Bee Pollen

Brodybreaux25

Chameleon Enthusiast
Credit: Petr Necas

The Mystery of Bee Pollen Unleashed

BEE POLLEN What is pollen? The grains of pollen are microscopic gameotophytes (male reproductive units) that form in the anthers of flowering plants.
What is bee pollen? Pollen that is collected by honey bees and is referred to as bee pollen. It is the simplest and actually only realistic available source of pollen, as it is collected by bees and from them it is by special pollen traps collected, packed and sold by beekeepers.
Why consider pollen as food supplement for chameleons? It is an integral daily part of the diet of wild chameleons. Chameleons in general prefer feeding on flying insects, such as bees, wasps, flies and small beetles. All these feeders are heavily dusted with pollen. The bees even carry two granules of pollen on their legs. For chameleons it is therefore very natural to be permanently supplied with pollen.
What is the composition of pollen? Bee Pollen contains (at least): 22 amino acids 18 vitamins 25 minerals 59 trace elements 11 enzymes and co-enzymes 14 fatty acids 11 carbohydrates natural antibiotics potent antioxidants sugars (up to 40%) proteins (up to 40%)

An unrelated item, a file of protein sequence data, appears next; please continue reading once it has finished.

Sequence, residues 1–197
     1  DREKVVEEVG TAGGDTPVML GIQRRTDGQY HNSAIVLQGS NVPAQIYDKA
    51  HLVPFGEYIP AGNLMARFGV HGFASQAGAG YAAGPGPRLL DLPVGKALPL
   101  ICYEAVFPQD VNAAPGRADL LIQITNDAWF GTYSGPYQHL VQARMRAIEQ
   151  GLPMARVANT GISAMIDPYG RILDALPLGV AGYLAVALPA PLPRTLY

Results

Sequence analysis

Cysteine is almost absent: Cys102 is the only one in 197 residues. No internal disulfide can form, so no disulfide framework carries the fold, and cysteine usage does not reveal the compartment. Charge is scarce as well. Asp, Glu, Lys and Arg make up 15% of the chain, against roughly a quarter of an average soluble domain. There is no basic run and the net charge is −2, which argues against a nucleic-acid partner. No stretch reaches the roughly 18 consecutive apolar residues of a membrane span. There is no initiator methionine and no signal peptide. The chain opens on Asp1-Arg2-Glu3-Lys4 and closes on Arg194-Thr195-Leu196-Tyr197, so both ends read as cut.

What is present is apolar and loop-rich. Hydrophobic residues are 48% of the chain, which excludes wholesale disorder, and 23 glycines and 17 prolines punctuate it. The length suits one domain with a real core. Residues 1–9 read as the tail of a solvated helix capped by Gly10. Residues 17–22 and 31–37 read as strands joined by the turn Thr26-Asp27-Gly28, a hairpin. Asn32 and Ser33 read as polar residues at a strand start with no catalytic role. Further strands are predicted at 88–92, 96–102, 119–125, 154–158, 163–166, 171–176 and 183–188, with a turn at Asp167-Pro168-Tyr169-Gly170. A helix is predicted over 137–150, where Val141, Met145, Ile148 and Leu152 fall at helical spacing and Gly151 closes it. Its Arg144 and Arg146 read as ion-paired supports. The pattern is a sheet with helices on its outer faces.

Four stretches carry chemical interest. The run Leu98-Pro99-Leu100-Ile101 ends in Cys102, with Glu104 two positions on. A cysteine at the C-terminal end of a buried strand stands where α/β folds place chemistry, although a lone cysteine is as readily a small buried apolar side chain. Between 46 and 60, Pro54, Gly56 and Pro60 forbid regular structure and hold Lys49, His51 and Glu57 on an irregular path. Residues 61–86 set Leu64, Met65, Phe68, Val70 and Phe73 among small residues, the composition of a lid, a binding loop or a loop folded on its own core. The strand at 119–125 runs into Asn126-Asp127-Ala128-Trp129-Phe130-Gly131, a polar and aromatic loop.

What are the benefits of pollen? It provides nutrition (amino acids, proteins) It provides vitamins It provides important elements It provides important minerals it provides important amino acids Therefore: It boosts immunity it builds resistance to diseases It provides a natural antibiotic shield against diseases
Where can you get it? Local beekeepers Walmart Pharmacy Amazon In what form is it available? Granules, collected by bees on their feet using special comb-like structures to collect and form granules, Powder, usually filled in capsules.
How to store it? Bee pollen is dried pollen, that is best to be stored in hermetically closed jars in dark at room temperature, otherwise it hydrates, oxides, is degraded by fungi and bacteria.
How can we provide it to chameleons? There are basically four options: 1. gutload your feeders 2. make the feeders a little moist and dust them with pollen (so that it does not fall off) 3. dissolve the pollen in water and let them drink it 4. make the chameleon open mouth and put directly in it and add some water to swallow.
How often should it be given? Every meal! In the wild, chameleons ingest pollen with almost every bite. So, in captivity it is logical to follow the same frequency. How important is pollen to chameleons? As it is an integral part of the natural diet of bees, it is for chameleons of crucial importance.
We in general do not feed to chameleons what they eat in the wild (flying insects, bees, wasps, small beetles), instead we feed them, what they never eat in the nature (crickets, roaches, locusts, larvae of beetles, butterflies and moths). Pollen can help to close a bit of the gap. Not providing pollen can lead to avitaminoses, weekend immune system, diseases and death. Providing bee pollen should be considered a part of best practice in chameleon husbandry. It is of same importance as providing: UV Supplements and vitamins Calcium.